What is Drop D Tuning?
Drop D is an alternate tuning that swaps the lowest (sixth) string of the guitar from E to D, giving us the tuning DADGBE.
The result of this dropped string is a wider range of possible notes (you can now play all the way down to D2), access to fuller-sounding open D chords of various qualities, and the ability to play songs that aren’t possible in standard tuning.
Double Drop D takes this one step further; instead of shifting just the Low E string down to D, it also drops the High E string a whole step. The resulting tuning is, from lowest to highest, DADGBD.
Playing in either of these alt-tunings can be difficult for those used to standard tuning since all relationships between the altered and unaltered strings are changed. With a little bit of practice, though, playing in Drop D and Double Drop D can become second nature.
Drop D in Popular Music
Musicians across a myriad of genres have employed Drop D tuning to create many famous tunes.
The tuning reached new heights of popularity in the 90s and early 2000s, when Drop D became the default for many metal bands. Killing In The Name, Nightmare, Schism, and Everlong are all played in Drop D.
It can be useful to compare one tuning to others, since many of the same principles apply to playing in both. Understanding how they relate to each other can also improve your understanding of the underlying music theory behind the alt-tunings.
Drop D is obviously most similar to standard tuning, as it’s only one string removed from this (the sixth string is the only difference between the two). This allows many of the same practices that are common in standard tuning (standard barre chord shapes, open chords, and scales) to be employed with ease in Drop D.
Double Drop D, however, is actually closer to Open G (DGDGBD) and DADGAD tunings, as it’s only one string removed from either of these.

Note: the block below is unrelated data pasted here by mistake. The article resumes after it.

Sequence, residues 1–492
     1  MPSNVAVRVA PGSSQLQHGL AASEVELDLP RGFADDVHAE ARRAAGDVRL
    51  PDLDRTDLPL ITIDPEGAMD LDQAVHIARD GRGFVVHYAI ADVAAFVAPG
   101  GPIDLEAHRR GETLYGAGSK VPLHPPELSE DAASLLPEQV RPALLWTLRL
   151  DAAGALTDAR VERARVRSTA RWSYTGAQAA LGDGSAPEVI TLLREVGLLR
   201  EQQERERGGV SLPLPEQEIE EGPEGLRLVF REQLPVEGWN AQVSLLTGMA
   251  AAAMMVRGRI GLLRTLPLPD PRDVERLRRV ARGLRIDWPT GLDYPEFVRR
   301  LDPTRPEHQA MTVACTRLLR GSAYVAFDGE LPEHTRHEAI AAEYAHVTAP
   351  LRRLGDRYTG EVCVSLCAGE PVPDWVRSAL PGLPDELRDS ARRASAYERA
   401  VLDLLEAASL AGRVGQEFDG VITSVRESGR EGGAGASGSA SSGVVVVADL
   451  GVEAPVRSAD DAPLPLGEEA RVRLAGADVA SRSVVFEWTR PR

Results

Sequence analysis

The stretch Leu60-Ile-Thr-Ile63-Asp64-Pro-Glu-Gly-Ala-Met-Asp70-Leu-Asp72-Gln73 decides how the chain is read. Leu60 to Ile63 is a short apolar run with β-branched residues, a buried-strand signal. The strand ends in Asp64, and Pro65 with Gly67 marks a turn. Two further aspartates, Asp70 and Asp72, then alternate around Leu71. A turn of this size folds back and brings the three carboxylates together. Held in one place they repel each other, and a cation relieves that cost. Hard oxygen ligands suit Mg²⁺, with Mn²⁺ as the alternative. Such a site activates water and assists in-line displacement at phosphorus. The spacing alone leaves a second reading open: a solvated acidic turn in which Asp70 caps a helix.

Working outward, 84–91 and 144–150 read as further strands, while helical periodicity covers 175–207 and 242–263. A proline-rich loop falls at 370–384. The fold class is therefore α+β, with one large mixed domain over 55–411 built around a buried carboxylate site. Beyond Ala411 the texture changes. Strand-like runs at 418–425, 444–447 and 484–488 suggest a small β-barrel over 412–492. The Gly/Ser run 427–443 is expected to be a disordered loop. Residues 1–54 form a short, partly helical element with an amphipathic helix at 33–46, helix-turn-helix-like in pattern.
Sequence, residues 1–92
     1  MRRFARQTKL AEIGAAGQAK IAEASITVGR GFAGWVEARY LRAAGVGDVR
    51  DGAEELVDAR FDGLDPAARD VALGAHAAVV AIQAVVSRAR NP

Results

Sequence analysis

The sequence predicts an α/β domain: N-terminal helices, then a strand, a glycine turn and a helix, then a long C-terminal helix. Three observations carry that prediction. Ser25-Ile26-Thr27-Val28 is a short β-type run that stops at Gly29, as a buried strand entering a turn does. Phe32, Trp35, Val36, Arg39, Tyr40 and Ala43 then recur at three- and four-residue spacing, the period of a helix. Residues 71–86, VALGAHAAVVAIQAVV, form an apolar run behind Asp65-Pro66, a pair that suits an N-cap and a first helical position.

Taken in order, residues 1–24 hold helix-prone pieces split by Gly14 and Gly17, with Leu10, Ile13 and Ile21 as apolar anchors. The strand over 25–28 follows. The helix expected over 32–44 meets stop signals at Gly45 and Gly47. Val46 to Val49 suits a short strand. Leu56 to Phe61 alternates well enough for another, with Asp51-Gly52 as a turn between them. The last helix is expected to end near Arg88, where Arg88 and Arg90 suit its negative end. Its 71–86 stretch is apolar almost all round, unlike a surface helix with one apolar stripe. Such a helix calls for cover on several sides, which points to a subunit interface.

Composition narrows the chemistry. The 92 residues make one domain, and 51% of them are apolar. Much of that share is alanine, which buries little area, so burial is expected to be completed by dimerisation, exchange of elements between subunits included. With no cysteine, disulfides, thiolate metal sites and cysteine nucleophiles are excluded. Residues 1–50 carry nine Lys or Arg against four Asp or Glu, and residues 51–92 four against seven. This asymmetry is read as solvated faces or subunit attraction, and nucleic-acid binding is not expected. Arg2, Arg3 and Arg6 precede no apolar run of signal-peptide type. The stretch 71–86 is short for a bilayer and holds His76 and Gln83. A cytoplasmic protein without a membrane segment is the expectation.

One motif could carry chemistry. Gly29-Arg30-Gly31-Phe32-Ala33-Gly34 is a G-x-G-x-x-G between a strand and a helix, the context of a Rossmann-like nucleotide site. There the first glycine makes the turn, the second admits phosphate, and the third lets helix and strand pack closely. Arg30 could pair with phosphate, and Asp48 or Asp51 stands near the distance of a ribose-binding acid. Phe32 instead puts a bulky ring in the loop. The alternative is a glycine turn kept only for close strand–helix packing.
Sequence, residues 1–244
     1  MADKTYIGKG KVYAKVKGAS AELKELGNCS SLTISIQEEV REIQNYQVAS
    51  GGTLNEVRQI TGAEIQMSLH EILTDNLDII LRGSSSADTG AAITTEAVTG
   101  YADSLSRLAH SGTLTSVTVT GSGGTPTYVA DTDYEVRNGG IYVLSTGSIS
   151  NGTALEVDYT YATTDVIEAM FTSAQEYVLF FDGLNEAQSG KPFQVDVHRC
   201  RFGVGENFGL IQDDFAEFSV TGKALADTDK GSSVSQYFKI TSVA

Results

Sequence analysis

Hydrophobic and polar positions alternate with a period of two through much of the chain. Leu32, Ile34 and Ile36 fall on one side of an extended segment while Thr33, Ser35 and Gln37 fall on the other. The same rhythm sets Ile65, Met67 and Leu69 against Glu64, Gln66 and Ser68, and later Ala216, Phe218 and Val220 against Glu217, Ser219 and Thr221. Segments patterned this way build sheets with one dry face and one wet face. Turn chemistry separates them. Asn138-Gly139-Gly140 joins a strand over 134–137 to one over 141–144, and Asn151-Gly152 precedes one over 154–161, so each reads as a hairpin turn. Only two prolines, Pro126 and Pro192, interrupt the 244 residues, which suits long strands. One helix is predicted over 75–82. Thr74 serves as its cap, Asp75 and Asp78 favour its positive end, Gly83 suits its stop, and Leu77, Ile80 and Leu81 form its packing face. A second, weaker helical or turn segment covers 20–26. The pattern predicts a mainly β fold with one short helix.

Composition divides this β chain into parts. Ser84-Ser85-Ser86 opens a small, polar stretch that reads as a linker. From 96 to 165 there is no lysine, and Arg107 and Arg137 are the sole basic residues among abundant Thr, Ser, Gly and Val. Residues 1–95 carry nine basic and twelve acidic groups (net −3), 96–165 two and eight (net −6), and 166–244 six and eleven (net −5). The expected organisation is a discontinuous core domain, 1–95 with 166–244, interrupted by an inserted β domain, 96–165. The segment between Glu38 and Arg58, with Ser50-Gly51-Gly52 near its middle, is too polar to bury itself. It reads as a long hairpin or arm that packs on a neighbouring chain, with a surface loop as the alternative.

From Double Drop D, tuning the 5th string down a whole step creates Open G tuning. Likewise, dropping the second string a half-step creates DADGAD.
Chords in Drop D
Due to Drop D’s similarity to standard tuning, all relationships are preserved between strings 1-5..
This means chords can be played in much the same way, albeit with a less full sound, by strumming only the bottom five strings. For instance, to play a C Major chord, create the standard C shape and only strum from the A string to High E.
Barre chords can be treated the same way; there’s no need to alter the shape, simply omit the sixth string from the chord.
While the majority of chords lose some of their fullness in this tuning, any quality of D chord benefits greatly from the tuning. While you’re probably used to playing five-string versions of any open D chord, feel free to include the sixth string in Drop D for a richer, fuller-sounding D Major, D Minor, D7, or any other D-rooted chord.
Chords in Double Drop D
Dropping the High E string complicates chord-playing immensely; you can no longer play the shapes you’re used to while playing the bottom five strings.
The easiest workaround is to only strum the middle four strings when playing standard open chords. Typically, tunes in Double Drop D utilize partial chords or uncommon chords that you may not instantly recognize, and the best way to learn them is by learning and playing these songs.
Soloing in Either Tuning
The principle behind soloing, or playing a melody, in either of these tunings is very similar to that of Open G; since all alt-tuned strings are shifted down a whole tone, you’ll have to shift two frets (a whole tone) over to adjust for this.
As a more concrete example, consider trying to play a basic C Major pentatonic scale in the shape shown below.
To play this scale in Drop D, you’ll have to begin on the 10th fret of the sixth string, instead of the 8th. You’ll play:
- 6th string, 10th fret
- 6th string, 12th fret
Then, you’ll “jump” back to the seventh-fret of the A string and play the rest of the scale as per usual.
In Double Drop D, you’d play the scale in the same way on the top five strings. Since the first string is also dropped, however, you’ll have to shift over again when you reach this portion of the scale.
So, instead of:
- 1st string, 8th fret
- 1st string, 10th fret
- 1st string, 10th fret
- 1st string, 12th fret
These examples are primarily for illustrative purposes, since in most cases it’s optimal to play scales within the span of the middle four strings to avoid awkward jumps.